Human Genome hopeful on tests

Skin drug appears effective

new set of trials also OK's


May 24, 2000|By Julie Bell | Julie Bell,SUN STAFF

Human Genome Sciences made double-barreled announcements yesterday about its protein wound-healer repifermin, saying the treatment showed promise and was "well-tolerated" in Phase II tests on skin-ulcer patients and - separately - that it had been approved for Phase II testing on patients with a painful gastrointestinal disease.

Dr. David C. Stump, the company's senior vice president for drug development, called the two developments "great announcements for our product." But the company's shares dropped $9.25, or nearly 11.5 percent, to close at $71.25 on the Nasdaq stock market as the overall market fell.

Phase II trials are the second step in a three-part human testing sequence required by the U.S. Food and Drug Administration to prove the safety and effectiveness of a proposed treatment. The Rockville company also is testing repifermin in Phase II trials on cancer patients to help determine whether it is safe and can prevent mucositis - characterized by painful mouth and throat sores - caused by chemotherapy.

Human Genome Sciences Inc. released only generalities yesterday about the Phase II results in patients with venous ulcers, the skin lesions that can appear over varicose veins on the ankle or lower leg. The company said it would provide the final data in September at the World Wound Healing Congress in Australia.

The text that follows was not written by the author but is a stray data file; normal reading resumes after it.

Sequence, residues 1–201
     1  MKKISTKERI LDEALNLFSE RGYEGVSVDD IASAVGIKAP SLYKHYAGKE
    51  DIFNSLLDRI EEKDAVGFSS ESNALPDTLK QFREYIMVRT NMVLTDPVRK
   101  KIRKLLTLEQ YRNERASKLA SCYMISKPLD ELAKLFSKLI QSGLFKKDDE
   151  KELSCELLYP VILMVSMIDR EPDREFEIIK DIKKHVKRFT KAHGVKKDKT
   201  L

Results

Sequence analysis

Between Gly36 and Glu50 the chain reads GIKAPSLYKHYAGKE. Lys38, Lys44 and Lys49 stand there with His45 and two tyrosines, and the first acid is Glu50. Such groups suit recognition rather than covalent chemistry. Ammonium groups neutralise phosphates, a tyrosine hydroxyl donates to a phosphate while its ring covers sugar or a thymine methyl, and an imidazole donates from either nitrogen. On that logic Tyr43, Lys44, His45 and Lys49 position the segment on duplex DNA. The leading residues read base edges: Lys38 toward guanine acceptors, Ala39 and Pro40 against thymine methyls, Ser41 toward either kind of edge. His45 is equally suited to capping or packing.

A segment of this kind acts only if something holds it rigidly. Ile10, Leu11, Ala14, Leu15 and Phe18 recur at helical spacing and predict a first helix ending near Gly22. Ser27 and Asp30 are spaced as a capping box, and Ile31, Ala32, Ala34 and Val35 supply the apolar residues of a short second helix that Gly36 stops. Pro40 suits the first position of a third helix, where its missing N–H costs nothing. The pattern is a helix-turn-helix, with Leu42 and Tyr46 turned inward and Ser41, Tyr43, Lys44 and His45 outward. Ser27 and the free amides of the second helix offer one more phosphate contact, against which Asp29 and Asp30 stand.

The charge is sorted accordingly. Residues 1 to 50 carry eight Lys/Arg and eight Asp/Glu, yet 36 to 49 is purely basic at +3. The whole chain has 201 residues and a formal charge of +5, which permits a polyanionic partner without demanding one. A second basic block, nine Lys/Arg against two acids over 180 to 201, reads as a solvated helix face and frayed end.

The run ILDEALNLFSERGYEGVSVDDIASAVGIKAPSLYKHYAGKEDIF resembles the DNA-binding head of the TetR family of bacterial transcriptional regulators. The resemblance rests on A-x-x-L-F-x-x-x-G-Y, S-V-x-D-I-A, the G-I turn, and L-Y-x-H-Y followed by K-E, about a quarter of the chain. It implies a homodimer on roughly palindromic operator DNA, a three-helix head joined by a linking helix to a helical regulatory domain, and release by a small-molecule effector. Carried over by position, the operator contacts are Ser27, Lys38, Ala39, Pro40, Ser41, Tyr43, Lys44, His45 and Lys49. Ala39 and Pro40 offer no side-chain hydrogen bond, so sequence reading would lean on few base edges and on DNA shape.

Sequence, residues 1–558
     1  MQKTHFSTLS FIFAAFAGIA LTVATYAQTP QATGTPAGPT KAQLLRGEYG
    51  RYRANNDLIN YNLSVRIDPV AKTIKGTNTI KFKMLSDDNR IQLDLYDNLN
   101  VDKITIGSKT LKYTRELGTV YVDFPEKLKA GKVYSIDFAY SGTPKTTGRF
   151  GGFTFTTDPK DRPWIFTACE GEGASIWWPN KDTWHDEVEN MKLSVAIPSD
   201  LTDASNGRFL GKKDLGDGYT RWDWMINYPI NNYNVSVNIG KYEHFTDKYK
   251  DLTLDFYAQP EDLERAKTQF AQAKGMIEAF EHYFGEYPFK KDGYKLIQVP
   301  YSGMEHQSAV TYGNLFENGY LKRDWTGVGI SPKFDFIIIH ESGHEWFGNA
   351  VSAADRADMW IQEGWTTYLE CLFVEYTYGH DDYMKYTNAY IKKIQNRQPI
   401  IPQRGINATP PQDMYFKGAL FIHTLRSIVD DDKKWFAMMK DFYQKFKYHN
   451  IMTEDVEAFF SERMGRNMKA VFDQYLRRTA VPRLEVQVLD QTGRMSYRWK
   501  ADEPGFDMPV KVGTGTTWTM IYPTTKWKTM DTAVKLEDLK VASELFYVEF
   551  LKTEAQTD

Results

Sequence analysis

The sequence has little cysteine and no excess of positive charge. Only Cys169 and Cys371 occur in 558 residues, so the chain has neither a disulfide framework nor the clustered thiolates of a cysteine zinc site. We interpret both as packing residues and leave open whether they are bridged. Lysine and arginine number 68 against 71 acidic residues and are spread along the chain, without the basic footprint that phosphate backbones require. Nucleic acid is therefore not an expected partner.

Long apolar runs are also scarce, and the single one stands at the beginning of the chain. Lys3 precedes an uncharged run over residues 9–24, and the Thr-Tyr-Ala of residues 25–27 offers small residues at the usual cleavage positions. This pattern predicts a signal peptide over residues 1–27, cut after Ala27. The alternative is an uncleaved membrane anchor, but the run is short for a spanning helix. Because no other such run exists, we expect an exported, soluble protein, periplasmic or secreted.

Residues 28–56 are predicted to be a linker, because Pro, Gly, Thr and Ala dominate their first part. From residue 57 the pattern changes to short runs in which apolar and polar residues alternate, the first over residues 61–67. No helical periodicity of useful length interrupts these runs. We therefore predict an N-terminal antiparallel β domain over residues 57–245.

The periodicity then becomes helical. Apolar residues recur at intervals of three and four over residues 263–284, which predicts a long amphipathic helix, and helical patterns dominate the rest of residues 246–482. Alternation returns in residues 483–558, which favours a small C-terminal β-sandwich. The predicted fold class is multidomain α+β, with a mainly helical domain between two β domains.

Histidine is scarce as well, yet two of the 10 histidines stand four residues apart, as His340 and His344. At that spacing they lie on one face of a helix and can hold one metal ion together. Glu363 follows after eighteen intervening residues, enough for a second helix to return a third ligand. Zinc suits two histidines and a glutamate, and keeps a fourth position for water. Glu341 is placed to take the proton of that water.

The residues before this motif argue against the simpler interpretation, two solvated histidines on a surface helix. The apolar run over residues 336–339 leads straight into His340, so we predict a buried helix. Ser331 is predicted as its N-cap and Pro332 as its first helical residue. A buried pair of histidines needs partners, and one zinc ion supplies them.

But Dr. Martin Robson, a professor of surgery at the University of South Florida and a clinical trial investigator for repifermin who will present the final data, said in a statement that the results were "very promising." The company said a full analysis of the data would be done over the summer.

In the trials, a measured dose of liquid repifermin was spritzed twice weekly on patients' ulcers. About 94 patients were involved in the trials. Thirty-one patients were given a lower dosage; 32, a higher dosage; and 31, a placebo.

Stump said the company was encouraged by the results, which showed "positive drug activity" as measured by parameters such as the percentage of patients achieving partial wound closure.

Repifermin, also known as Keratinocyte Growth Factor-2 or KGF-2, is a naturally occurring growth factor activated when there is a wound in the epithelial tissue, which lines the body's mouth, throat, gastrointestinal tract and several other organs.

The Phase II clinical trials should help HGS determine whether the treatment is safe and effective against ulcerative colitis. About 325,000 people in the United States suffer from that disease, which is characterized by abdominal pain, rectal bleeding, diarrhea, fever and fatigue.

Baltimore Sun Articles
Please note the green-lined linked article text has been applied commercially without any involvement from our newsroom editors, reporters or any other editorial staff.